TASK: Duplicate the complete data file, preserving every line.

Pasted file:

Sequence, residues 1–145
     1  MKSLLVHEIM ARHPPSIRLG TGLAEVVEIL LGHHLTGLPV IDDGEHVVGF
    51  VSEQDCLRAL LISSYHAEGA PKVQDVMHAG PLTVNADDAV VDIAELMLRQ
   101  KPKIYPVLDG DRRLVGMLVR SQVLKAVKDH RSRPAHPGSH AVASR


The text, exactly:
Sequence, residues 1–145
     1  MKSLLVHEIM ARHPPSIRLG TGLAEVVEIL LGHHLTGLPV IDDGEHVVGF
    51  VSEQDCLRAL LISSYHAEGA PKVQDVMHAG PLTVNADDAV VDIAELMLRQ
   101  KPKIYPVLDG DRRLVGMLVR SQVLKAVKDH RSRPAHPGSH AVASR